An Aberdeen teenager has launched a drive to turn people’s rubbish into cash for a charity working to improve the lives of those with disabilities.
Lewis McGregor is appealing to people to donate their empty drink cans in the hope of taking as many as possible to a local recycling unit to exchange them for money.
The funds raised through the 18-year-old’s project Cash for Cans will go to support the Aberdeen charity Future Choices, where he has been volunteering for nearly four years.
Mr McGregor said he wanted to come up with a creative idea to help a charity “close to home” through a difficult time.
He said: “I wanted to help the charity without leaving other people struggling.
“The reason why we came up with Cash for Cans is so we don’t have to ask people for money, because obviously many have struggled financially during the pandemic – all we are doing is asking them for rubbish.
“It’s all about helping out and having a positive impact on the community.
“It’s going to be good to get everybody back to some normality. We want to take as many disabled members as possible out – just to have a bit of fun and get an opportunity to socialise outside of their house, and to take their mind off of their day-to-day struggles.”
First step to rebuilding post pandemic
For many of the members, the club is the only time they leave the house, so organisers at Future Choices felt it essential they adapt during lockdown and continued holding meetings over Zoom.
However, with the pandemic putting a halt to any fundraising, chairman David Forbes shared there were many times they feared they may not be able to survive.
Cash for Cans will run for up to eight months in effort to secure enough cash for the charity to organise days trips and social events for people with disabilities and help them adapt post-pandemic.
At a special launch event at the weekend, Mr Forbes called the fundraiser a “monumental first step to rebuilding”.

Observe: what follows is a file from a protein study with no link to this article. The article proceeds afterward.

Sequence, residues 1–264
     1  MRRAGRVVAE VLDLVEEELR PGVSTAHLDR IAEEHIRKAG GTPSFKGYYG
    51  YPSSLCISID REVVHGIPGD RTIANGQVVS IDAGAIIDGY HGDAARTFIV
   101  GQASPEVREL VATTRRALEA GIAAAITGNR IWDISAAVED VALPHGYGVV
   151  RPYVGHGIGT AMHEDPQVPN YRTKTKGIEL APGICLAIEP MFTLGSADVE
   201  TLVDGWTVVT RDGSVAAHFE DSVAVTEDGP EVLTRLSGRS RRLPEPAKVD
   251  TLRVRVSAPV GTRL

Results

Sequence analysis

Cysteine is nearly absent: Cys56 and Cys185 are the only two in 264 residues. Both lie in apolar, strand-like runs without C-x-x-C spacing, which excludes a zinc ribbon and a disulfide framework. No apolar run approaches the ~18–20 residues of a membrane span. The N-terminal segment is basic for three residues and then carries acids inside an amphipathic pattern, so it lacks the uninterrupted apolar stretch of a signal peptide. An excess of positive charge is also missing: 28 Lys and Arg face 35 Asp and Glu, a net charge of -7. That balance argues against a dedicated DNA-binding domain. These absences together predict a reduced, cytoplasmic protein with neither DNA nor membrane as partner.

He said: “This fundraiser is really a testament of what Future Choices is all about – we are helping disabled people, we are helping the environment and we are doing it ourselves as a volunteer-led group.
“We hope that we would be able to raise thousands with this fundraiser, which will secure us going on day trips, holding social events and just getting us all together once again.
“We know what it’s like to be socially isolated and it’s important for our members that they keep going out.
“Our plan is just to get them out and help them adapt and socialise, because it’s not like a switch they can just turn on. They need to have confidence and build their self-esteem and self-independence.”
No greater time to support charities
The initiative has already been backed by a number of local politicians – including Rosemount and Midstocket councillor Bill Cormie, Lower Deeside councillor Marie Boulton and Aberdeen South and North Kincardine MSP Audrey Nicoll.
Mrs Boulton, who was the first to donate a full bag of empty cans to Cash for Cans, encouraged people to be more considerate of those with disabilities and back the charity.
She said: “It’s really important to support any charity trying to raise funds and people that need our help in this difficult climate coming through Covid.
“This is the charity’s first step out in the new world post Covid and I think it’s really important to back them, because some of them will be even more nervous as they might have health implications making them more vulnerable.
“So let’s do everything we can to be considerate, whether it would be by holding a door open or giving people a smile – it doesn’t take much, but it makes a massive difference.”
People can donate their empty cans at the Laws Tyres car repair shop in Bridge of Don during the week and at the Fun House on George Street on Friday and Saturday.